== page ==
We like to think that we are autonomous decision-makers, but we’re very easily led by those around us - that might include a boss or a work environment that drives us to think in ways that might not always be ethical. Or, it might simply be a function of being part of a large crowd - for example the biggest single determinant of whether kids will smoke is whether their friends also smoke. The media can also paint a picture that isn’t always representative.  If we read reports about a few people not following COVID rules, we can easily be lulled into thinking that no one is complying with them - newspapers and social media tends not to report stories about people who comply with rules. If we’re fed on a media diet of wrongdoing, then we might well draw the wrong conclusion about what others are up to and adjust our own behaviour accordingly.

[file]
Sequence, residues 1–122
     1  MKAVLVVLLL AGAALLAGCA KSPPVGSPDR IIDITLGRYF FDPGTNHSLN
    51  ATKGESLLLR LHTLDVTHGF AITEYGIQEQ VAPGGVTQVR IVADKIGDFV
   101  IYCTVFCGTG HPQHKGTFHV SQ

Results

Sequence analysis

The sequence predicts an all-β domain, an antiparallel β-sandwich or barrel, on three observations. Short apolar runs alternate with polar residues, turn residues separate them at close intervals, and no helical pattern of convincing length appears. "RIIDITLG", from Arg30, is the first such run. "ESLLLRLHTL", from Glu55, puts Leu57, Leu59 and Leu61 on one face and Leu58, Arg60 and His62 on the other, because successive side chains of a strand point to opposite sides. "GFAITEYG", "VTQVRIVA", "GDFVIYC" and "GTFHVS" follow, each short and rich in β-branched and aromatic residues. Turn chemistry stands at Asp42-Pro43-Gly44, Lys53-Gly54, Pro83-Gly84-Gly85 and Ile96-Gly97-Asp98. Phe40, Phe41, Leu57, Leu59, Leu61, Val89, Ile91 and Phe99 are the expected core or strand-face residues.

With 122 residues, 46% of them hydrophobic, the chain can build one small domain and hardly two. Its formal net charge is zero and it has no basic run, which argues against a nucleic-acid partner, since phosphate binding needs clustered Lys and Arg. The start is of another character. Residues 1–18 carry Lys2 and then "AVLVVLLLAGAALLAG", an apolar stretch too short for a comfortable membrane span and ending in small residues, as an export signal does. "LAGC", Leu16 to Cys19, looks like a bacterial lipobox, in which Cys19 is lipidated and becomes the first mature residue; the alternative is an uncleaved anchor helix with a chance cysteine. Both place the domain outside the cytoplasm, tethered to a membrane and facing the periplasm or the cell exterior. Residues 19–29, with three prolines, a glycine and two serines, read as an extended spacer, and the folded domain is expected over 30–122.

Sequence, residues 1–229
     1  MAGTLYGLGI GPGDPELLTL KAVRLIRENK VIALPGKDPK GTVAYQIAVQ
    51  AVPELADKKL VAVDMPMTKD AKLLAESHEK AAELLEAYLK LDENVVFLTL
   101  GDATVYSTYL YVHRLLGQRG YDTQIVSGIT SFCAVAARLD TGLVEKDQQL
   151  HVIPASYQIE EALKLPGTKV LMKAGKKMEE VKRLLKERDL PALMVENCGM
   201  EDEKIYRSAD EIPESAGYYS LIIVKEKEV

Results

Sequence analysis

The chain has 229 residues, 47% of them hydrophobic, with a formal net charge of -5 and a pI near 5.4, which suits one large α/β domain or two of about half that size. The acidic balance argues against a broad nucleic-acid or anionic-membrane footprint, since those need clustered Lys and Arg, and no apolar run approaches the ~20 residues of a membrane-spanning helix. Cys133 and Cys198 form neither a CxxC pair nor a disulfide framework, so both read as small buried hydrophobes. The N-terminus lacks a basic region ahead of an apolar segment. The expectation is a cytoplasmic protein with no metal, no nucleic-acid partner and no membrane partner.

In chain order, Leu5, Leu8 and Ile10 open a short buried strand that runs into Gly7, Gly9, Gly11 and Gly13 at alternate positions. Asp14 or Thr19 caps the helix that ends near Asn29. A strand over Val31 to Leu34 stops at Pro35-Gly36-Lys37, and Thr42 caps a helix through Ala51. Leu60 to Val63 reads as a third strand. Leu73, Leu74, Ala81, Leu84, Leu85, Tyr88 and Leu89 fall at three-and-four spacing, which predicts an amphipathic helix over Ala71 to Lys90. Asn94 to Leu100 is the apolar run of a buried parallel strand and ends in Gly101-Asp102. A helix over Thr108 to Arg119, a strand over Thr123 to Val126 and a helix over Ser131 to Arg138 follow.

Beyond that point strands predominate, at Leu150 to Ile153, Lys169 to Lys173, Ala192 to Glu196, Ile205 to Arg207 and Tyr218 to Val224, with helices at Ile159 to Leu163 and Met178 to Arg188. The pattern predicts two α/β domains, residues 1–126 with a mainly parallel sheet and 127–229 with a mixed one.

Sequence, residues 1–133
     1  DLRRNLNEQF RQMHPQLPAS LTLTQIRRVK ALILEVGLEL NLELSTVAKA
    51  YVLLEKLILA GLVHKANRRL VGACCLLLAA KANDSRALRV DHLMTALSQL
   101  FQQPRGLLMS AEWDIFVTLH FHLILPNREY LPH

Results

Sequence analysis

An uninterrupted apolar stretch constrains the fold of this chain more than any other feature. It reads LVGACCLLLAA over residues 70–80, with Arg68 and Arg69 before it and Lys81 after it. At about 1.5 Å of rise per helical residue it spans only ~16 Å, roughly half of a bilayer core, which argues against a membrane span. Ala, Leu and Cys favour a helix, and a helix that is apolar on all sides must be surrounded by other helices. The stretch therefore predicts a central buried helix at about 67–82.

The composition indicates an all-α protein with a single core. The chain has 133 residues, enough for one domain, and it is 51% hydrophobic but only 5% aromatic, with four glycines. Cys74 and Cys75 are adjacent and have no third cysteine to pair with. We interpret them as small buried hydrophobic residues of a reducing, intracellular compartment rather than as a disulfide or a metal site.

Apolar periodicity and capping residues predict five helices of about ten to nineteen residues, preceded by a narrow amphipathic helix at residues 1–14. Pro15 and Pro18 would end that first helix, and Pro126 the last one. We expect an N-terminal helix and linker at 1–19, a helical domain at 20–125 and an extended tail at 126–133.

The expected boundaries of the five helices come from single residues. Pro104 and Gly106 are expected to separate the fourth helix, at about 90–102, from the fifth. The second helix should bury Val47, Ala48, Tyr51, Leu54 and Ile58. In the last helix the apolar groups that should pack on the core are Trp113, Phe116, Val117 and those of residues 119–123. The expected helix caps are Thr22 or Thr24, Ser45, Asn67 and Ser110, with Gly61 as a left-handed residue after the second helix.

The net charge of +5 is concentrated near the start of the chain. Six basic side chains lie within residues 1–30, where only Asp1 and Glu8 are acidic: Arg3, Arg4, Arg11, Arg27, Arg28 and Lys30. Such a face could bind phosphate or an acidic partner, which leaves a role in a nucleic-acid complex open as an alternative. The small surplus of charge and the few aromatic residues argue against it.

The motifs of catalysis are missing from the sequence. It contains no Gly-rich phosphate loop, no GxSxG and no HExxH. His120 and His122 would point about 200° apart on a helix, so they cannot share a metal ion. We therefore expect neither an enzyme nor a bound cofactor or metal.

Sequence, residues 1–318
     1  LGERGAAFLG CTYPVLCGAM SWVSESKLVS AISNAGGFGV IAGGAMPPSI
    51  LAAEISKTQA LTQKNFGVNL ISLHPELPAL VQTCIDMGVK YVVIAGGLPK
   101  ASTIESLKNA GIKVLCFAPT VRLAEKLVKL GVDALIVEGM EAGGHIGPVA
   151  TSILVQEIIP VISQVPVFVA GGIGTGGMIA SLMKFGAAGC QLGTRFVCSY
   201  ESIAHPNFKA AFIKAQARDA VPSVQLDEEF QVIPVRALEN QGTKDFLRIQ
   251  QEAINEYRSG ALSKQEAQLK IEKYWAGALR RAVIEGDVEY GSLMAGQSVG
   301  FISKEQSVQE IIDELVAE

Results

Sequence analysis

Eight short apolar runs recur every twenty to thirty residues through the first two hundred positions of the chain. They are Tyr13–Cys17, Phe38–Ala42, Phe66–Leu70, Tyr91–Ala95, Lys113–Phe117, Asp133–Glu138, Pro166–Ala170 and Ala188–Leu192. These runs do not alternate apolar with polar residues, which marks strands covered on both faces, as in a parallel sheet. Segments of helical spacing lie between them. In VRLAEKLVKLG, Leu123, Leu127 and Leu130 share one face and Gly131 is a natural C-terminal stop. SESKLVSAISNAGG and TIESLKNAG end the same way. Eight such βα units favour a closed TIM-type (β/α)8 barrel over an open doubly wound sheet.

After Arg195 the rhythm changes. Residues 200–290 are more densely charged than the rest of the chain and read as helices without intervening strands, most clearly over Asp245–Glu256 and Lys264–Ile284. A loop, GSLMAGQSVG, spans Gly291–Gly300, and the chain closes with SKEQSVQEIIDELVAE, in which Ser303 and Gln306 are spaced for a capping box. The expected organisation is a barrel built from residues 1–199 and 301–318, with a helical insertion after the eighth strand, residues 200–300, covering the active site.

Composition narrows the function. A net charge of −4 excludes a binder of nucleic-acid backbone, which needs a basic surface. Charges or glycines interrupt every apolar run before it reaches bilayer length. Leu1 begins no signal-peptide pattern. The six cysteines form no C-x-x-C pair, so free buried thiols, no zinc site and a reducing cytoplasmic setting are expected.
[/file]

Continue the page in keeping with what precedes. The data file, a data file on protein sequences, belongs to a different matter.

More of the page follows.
6. Things can be unethical but legal

​​One way that we try to navigate ethical situations is to lean on rules or principles, whether a code of conduct, a regulation, a religious book or the law. This is a nice and easy solution - if someone else has decided that we’re allowed to do something or not allowed to do something, then we can use that to justify our decision. This is very often incredibly effective but it can also lead to bad outcomes. It can be very tempting to conclude that something which hasn’t been banned must be acceptable, but if the person writing the rules wasn’t thinking of the particular situation you’re in, then relying on a set of rules might not get the right outcome.